Michelin Star Belgian Chef Visits Kazakhstan, Reveals Perfect Meal Secrets

ASTANA – From owning top seafood restaurants to hosting a television show, Yves Mattagne, a Belgian chef who has earned two Michelin stars, visited Astana and Almaty for the first time on May 19-23. In an exclusive interview with The Astana Times, he discussed his inspirations in cooking and revealed the secret to creating an indulging gastronomical experience.

Chef Yves Mattagne. Photo credit: Instagram @yvesmattagne.

All about the sea

Over the past 40 years, Belgium’s most celebrated fish chef has played a pivotal role in the popularization of local, seasonal cooking, specializing in exquisite seafood.

Mattagne describes his specialty as “all about the sea.” “Before, for 25 years [I cooked] only fish. I have more creativity with the sea. I have one specialty [which] is the press of lobster,” he said.

He is a passionate advocate of fresh food, responsibly sourced and wonderfully cooked. “No old fish. Nothing frozen. All fresh,” he said.

He had to adjust the recipe to prepare some of his signature dishes in Kazakhstan, as it was hard to source fresh seafood.

“I needed to work a little differently. I needed to slightly adjust the recipe to save the flavor. I had to keep a lot of marination, and a lot of salt and sugar in very cold water,” said Mattagne.

“I want to introduce Belgian cuisine to Kazakh people. I am very impressed and I did not expect that Almaty would be such a beautiful city,” he added.

Chef’s golden rules in creating an excellent meal

One piece of advice the chef gives from time to time is that it is important to concentrate on the quality of ingredients and the diligence of cooking. From fish and meat to spices, herbs and flour, the chef carefully sources the products that go into his dishes to create a mouthwatering taste.

Chef Mattagne during special dinner in Almaty. Photo credit: Artem RGB.

“First, you buy nice products. This is very important. The basis of my cooking is the product. Products that are no good [leads to] double cooking,” said Mattagne.

Aside from the quality of the ingredients, their seasonality and the way the food is served, particularly the choice of plates, also plays a role in creating a profound gastronomic experience.

To choose the right plate is very important,” said Mattagne. “It makes you dive into the ambiance of your creation. The aesthetic on the plate is very important. Because all the color of the dish is coming out. It’s also like fashion – changing all the time,” he said.

Mattagne has been teaching culinary classes for chefs and the public for over 25 years. His granular approach to ingredients and methodology makes people rethink everything they thought they knew about cooking.

He is adamant that while learning techniques is necessary, it is more important to continue to probe with spices and tastes to figure out what works best and how far one can experiment with it. 

You need to play,” said Mattagne. “And when you play, sometimes it’s good, sometimes not so good. That’s what I want [them] to learn from my school.”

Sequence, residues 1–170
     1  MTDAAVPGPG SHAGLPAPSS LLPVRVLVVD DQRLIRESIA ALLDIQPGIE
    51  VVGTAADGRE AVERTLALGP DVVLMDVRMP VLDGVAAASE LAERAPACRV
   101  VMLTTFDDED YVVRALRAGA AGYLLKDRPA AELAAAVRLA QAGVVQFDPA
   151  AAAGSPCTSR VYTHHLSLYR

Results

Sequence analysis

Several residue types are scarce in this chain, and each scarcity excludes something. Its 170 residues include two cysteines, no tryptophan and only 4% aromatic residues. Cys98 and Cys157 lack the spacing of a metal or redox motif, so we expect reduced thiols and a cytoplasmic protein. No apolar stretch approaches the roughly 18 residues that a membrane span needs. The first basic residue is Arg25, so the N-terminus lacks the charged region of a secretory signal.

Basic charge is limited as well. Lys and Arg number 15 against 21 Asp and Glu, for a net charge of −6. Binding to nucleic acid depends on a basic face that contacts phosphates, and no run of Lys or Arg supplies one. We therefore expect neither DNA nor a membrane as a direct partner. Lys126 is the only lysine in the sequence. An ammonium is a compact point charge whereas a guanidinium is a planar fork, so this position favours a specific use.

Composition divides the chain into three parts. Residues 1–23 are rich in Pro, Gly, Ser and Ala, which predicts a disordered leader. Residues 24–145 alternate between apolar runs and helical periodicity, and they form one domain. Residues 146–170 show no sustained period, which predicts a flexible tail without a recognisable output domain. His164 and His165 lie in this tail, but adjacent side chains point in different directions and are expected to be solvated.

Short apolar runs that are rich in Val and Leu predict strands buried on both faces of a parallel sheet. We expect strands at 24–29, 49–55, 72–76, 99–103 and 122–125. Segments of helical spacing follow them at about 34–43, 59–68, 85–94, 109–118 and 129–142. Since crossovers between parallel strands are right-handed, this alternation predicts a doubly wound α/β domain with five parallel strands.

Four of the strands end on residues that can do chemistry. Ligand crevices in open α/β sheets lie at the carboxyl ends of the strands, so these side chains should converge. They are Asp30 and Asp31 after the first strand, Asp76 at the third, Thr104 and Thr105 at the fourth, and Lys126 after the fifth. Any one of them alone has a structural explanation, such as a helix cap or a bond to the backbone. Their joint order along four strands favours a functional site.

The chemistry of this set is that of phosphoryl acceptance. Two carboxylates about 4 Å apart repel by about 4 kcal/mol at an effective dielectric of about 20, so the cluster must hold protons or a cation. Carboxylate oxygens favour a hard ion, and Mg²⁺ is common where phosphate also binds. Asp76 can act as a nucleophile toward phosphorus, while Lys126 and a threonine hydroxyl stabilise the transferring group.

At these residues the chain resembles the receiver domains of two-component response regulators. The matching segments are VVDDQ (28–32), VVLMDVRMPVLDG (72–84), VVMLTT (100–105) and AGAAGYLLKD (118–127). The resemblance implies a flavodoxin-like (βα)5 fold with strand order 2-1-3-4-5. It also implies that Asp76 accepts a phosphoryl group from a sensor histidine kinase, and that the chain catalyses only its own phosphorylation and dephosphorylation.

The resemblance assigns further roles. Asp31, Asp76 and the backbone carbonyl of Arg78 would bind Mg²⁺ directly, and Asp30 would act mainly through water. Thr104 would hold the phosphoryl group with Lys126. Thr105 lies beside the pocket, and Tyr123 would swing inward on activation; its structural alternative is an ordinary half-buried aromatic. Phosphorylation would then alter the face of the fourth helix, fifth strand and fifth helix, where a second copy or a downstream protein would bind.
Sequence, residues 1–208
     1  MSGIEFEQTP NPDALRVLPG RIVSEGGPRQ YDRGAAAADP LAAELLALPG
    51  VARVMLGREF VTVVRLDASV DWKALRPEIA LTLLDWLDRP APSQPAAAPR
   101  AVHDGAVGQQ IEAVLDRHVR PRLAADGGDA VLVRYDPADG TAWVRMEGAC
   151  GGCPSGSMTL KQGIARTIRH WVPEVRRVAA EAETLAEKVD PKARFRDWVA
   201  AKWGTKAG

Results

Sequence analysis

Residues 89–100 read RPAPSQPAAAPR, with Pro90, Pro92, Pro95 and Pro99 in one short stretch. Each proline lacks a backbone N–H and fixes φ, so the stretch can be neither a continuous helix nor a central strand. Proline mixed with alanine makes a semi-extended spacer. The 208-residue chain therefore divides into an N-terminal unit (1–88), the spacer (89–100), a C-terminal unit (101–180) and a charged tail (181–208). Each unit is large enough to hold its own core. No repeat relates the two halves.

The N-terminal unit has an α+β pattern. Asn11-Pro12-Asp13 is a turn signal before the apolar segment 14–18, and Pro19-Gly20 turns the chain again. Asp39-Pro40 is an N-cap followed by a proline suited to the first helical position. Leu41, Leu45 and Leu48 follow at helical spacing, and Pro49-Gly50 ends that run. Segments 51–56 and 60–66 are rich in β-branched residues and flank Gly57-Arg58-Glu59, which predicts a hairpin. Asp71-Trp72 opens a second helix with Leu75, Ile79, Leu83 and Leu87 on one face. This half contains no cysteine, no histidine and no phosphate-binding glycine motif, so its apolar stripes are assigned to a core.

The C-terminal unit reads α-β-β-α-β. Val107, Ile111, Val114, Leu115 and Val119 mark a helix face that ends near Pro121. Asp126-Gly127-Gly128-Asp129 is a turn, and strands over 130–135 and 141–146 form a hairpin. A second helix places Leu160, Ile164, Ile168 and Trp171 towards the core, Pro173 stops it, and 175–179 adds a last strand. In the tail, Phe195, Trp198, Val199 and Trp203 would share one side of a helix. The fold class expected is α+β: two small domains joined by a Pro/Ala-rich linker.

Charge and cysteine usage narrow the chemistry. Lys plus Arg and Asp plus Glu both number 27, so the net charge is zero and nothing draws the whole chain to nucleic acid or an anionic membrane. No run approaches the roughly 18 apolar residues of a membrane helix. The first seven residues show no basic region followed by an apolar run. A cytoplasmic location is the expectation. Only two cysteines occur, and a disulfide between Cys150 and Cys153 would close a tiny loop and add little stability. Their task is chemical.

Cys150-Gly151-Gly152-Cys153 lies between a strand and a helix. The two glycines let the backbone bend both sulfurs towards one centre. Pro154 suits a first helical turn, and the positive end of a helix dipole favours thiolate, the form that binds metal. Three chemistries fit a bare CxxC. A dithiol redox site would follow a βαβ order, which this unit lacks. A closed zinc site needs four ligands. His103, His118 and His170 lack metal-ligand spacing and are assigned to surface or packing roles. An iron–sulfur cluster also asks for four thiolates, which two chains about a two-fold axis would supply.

It is easy to add just another ingredient, but it is a sign of skill to make the ingredients harmonize, he suggested.

“Now when you’re cooking, it is easy, you just take a book and you cook [according to] a recipe. But I want people coming to my class thinking about the flavor and feeling the flavor. Combining spices with other spices and discovering,” he added.

Traveling as a cooking class

Traveling is one of the formative experiences in his cooking career. “My cooking class for me is traveling,” said Mattagne.

Mattagne often fuses the ingredients of foreign traditional cooking with his own vision. Skrei ‘Shio Koji’: Hakushu whiskey, kohlrabi, wakame, bergamot, katsuobushi. Photo credit: Instagram @yvesmattagne.

Every country I go to, I’m learning something. But I don’t go to the concept restaurant. If I go to a restaurant, it will not be the cuisine of the country. I want to know the real cooking of the country,” he said.

Traditional dishes can reveal the rich food history of the locals better than cultural attributes.

“First thing I do when I’m going to another country is to experience the real cuisine of the country. For me, that’s traditional cooking. That’s where all the flavor is,” he said.

Mattagne always fuses the ingredients of authentic traditional cooking with his own vision, bringing together different dishes and ingredients to create something new. 

“When I’m getting this kind of [traditional] flavor, I want to mix it with my own feeling of Belgian or French cooking. For example, when I use a Japanese cooking item, I take my feeling and combine it with the Japanese item and put it in my recipe,” he said.

The advantages of his travel experience can now be found in Mattagne’s menu. He said he was eager to try out traditional Kazakh cuisine as well.

Treats from the streets 

Mattagne continues to enhance his own experimentation with food and recently, he has become passionate about street food.

“What I like today is the concept of street food. I like this kind of way you eat when you share food,” he said.

Mattagne knows that street food is all about making it fun. “I want to have fun when I’m eating,” he added.

Street food allows one to enjoy the outdoors, witness the display of carefully chopped ingredients and experience eating by hand, adding a touch of hearty satisfaction to every bite.

By sharing an eating experience, the boundaries between people become blurred, creating a communal atmosphere, according to the chef. He highly values the connection with people that eating street food creates. “All people eat, and everybody eats the same way,” said Mattagne.

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